Home / Fall 2011 / Inked skin still carries stigma

Inked skin still carries stigma

The tattoo addiction has spread out so far that even Barbie bared her skin to the needle.

A pink-bobbed, miniskirt and skull heart and bones shirt wearing tokidoki® Barbie® doll was released earlier this month online to adult collectors for $50. Parents are freaking out about this popular children’s doll having—not the miniskirt, pink hair or skull-printed shirt, but the tattoos drawn on her back, chest, neck and arms.

Oh no, Barbie no longer serves as a role model for children. Oh wait, this Barbie is targeted at adults.

But wait parents, Barbie has also been inked before.

For example, I remember one Geri Halliwell, i.e. Ginger Spice of the ‘90’s pop group The Spice Girls, doll back when “Stop” and “Wannabe” topped the charts. Well my mother would not let me have this particular doll—why? No other reason than that Ginger, and therefore her doll, had a visible tattoo.

Now, that was back in the ‘90s and the doll is a representation of Ginger.

With this controversy around a latest Barbie, the problem evidently hasn’t changed; there is still an issue of tattoo acceptance.

Tattoos have been seen as gang or delinquent related; only the bad, tough kids and adults have them.

As of 2008, 14 percent of Americans reported having tattoos, according to the February Harris Poll.

Tattoos do not fully determine a person. You should not see a person covered in tats and automatically dismiss him or her. That person could wind up being a witty, highly educated, charming individual, and you will never know if you just stick your nose up and walk on by.

Tattoos express people. A tattoo represents an important aspect of a person’s life. While I do not fully understand why some people have what they have, I am not in a position to dictate and judge. Everyone is different; therefore, everyone’s tattoos will be different.

While tattoos are becoming increasingly accepted, some employers, such as those in the education field, might overlook wonderful, qualified employees simply because of the ink on their skins.

A friend of mine, who wants to be an English teacher, considered getting a tattoo on her wrist. Several people dissuaded her, saying it would affect her future career.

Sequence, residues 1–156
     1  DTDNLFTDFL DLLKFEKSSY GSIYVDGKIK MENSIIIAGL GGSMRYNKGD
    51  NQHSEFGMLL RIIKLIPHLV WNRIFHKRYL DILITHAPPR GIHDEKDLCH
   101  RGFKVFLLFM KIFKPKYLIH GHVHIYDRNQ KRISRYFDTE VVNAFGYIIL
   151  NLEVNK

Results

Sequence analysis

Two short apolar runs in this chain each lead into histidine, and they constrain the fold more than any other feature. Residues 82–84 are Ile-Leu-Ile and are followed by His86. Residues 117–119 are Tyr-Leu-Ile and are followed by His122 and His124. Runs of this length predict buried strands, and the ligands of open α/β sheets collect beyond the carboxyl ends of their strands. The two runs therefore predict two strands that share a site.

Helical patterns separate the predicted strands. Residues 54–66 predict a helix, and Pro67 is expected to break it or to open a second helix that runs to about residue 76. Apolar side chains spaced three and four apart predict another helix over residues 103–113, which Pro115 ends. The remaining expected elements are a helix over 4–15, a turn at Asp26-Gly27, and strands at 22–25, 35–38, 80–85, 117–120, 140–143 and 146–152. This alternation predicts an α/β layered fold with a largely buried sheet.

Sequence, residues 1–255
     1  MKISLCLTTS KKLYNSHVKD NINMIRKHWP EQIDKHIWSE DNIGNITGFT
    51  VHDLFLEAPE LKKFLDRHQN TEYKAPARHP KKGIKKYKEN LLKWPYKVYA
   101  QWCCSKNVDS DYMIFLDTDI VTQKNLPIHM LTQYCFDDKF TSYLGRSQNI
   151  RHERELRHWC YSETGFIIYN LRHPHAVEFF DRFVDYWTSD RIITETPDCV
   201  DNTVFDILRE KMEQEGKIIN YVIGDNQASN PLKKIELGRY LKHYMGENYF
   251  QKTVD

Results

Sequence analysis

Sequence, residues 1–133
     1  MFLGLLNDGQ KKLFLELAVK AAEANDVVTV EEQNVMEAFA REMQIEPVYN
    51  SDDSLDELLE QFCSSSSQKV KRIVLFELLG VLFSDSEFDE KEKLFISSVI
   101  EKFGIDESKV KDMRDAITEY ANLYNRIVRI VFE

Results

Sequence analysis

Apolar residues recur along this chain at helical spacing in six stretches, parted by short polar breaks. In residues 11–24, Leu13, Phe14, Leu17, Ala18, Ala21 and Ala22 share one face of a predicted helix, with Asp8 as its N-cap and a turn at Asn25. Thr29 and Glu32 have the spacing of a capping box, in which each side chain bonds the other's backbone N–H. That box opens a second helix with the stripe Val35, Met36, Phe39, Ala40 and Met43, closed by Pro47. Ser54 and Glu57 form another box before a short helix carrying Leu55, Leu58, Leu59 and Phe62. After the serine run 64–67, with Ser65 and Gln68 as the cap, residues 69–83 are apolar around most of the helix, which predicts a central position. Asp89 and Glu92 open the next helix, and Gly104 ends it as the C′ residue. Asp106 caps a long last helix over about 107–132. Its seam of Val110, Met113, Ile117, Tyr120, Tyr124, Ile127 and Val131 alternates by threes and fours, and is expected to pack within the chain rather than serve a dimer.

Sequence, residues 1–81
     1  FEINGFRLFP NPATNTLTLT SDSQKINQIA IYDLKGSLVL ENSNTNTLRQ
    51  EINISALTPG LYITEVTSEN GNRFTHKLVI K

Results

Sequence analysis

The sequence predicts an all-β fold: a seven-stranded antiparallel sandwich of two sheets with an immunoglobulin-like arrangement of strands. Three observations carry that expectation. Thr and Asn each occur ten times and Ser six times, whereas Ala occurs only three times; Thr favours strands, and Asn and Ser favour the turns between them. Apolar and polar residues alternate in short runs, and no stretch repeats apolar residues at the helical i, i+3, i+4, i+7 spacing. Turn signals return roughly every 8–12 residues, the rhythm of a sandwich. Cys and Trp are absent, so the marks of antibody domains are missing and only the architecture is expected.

Unfortunately, this is true. If parents are fretting about inanimate tattooed dolls negatively influencing their children, imagine their reactions to living tattooed adults teaching and interacting with their children regularly.

Tattoos do not look professional; that is the reason why some fields are less accepting of tattoos than others.

Ironically, some students might be more comfortable working with open-minded, tattooed teachers than with strict, anti-tattooed teachers. Tattoos seem to be more positive with a younger group and might make the teacher seem less intimidating and more relatable.

Tattoos, just as clothes and accessories, represent parts of people, not the full package. Just because I have a yin-yang ankle tattoo does not mean I turned my back to my Christian faith and now devout my life to Taoism. The symbol’s meaning of equality and harmony shows a strong sense of my values.

Tattoos should not be the eliminating factor in the work or social field. You wouldn’t turn someone away because she has her ears pierced, so you shouldn’t turn someone away because he has a sleeve tattoo.

As far as the Barbie controversy goes, the doll is sold out. This Barbie is flowing with the times, and the parents should flow with it.

And besides, parents, what kind of role model is a doll that changes her career many times and has an anatomically impossible waist size?

I think tattoos and pink hair are the least of your worries.

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